Shoestring Choices


Reading Time: 2 minutes

YOU NEED TO TRAIN YOURSELF TO KNOW RIGHT FROM WRONG AND TO DO THE RIGHT THING.

Bible Reading of the Day: Read Hebrews 5:12-14.

Verse of the Day: “The wise look ahead to see what is coming, but fools deceive themselves” (Proverbs 14:8).

“Sarah, you know better than that!”

Sarah’s older sister, Meghan, had just caught Sarah in a lie. Sarah had wanted to go to the store with Meghan and her friends. When Meghan had asked Sarah if her homework was done, Sarah had immediately answered yes. But when they had returned home, Sarah dug out her math book, and tried frantically to finish her home­work. Meghan caught her scribbling math problems.

“I know,” Sarah answered, “but I didn’t even think about it. I just wanted to go to the store with you. I knew you wouldn’t let me if you knew I had homework, and—”

“Sarah,” Meghan said, “you know that lying is wrong, and you know why it’s wrong.”

Sarah rolled her eyes. “Yeah, but come on, Meghan, you don’t expect me to stop and think about every little decision I make!”

“I sure do,” Meghan answered.

“Come on, Meghan! Get real!” Sarah protested. “You expect me to stop and think about every little choice and commit to doing the right thing? I’d never have time for anything else!”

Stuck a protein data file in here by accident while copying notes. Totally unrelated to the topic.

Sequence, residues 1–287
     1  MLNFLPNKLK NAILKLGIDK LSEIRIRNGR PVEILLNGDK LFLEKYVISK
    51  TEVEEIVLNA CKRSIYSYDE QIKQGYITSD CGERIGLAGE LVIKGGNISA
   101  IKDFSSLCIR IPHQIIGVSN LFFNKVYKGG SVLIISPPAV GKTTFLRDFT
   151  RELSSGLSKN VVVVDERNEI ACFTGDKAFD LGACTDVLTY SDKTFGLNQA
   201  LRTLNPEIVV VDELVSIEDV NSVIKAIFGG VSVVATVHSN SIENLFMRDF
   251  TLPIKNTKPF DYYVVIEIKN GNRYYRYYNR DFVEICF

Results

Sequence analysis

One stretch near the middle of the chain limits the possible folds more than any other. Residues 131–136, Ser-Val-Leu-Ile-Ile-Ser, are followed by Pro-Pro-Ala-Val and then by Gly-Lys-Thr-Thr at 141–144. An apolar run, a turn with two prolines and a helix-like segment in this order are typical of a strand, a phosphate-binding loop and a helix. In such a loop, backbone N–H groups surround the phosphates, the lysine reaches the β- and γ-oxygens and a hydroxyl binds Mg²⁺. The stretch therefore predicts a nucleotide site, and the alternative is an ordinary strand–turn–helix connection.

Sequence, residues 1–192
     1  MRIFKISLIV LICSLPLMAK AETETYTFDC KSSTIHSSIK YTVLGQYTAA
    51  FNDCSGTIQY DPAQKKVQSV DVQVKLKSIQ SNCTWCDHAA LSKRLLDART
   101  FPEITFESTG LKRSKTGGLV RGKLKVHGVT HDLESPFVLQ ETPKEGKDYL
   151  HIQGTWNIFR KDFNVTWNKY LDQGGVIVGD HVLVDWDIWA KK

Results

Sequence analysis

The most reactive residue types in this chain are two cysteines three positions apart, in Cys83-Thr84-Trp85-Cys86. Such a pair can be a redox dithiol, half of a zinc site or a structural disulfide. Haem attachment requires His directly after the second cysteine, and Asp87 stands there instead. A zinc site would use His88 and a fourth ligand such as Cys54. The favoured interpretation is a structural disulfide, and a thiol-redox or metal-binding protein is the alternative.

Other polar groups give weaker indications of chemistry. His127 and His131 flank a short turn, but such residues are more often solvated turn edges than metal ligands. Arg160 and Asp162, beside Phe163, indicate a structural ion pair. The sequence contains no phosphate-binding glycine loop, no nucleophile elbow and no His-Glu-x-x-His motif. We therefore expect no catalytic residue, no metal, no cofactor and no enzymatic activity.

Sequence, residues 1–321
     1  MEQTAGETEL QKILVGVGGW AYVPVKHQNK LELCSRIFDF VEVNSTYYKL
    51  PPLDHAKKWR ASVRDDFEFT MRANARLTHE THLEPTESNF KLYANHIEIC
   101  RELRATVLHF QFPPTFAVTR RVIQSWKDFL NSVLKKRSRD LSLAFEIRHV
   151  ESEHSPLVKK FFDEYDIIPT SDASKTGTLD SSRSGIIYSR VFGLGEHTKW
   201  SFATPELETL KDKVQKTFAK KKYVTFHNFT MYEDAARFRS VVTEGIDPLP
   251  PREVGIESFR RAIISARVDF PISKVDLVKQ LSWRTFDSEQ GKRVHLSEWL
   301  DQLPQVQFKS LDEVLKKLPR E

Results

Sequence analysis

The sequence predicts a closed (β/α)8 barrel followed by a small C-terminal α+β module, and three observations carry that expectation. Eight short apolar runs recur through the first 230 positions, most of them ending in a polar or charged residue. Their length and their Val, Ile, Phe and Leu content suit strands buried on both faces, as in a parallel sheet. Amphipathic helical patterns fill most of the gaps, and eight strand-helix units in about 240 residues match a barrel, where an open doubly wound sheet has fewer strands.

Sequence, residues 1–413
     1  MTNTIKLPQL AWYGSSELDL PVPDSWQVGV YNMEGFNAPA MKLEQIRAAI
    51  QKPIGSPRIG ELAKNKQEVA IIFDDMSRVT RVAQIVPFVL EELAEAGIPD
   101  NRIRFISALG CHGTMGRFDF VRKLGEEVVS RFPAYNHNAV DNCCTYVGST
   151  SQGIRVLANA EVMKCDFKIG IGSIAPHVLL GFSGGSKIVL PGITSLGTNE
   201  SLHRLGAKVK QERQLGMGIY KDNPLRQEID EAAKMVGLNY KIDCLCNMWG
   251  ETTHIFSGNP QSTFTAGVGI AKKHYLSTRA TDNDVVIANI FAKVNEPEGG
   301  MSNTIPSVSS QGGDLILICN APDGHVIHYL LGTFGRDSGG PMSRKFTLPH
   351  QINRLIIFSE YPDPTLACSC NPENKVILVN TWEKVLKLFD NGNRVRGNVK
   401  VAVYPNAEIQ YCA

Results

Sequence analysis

“How long did it take you to tie your shoes this morning?” Meghan asked.

“I don’t know, five seconds, ten seconds. Why?”

“Did you stop and think about how to tie your shoes?”

“No,” Sarah answered. “I just did it.”

“Exactly! When you were younger, though, you had to stop and think about every step in tying your shoes. But now you know how to tie your shoes. It’s the same way with right and wrong, Sarah. You need to train yourself to know right from wrong and to do the right thing. The more you train yourself now, the more automatic it’ll be later on.”

Sarah stared at her shoestrings. Meghan was right. She remembered trying to learn to tie her shoes—it seemed like it took her forever to get it right. Now she never even thought about it, she just did it.

“OK,” Sarah said. “I guess you’re right.” She sighed. “I’m sorry. I’ll try to do better.”

Meghan smiled. “You’re forgiven. Now,” she said, “need any help with that homework?”

TO DO: The next time you tie your shoes, ask for God’s help in recognizing the difference between right and wrong. Then make plans to continue studying the Bible together as a family. This study time can help “train” you to automatically do what is right.

TO PRAY: “Lord, we want to be quick about obeying you. Thank you for increasing our ‘spiritual’ reflexes.”


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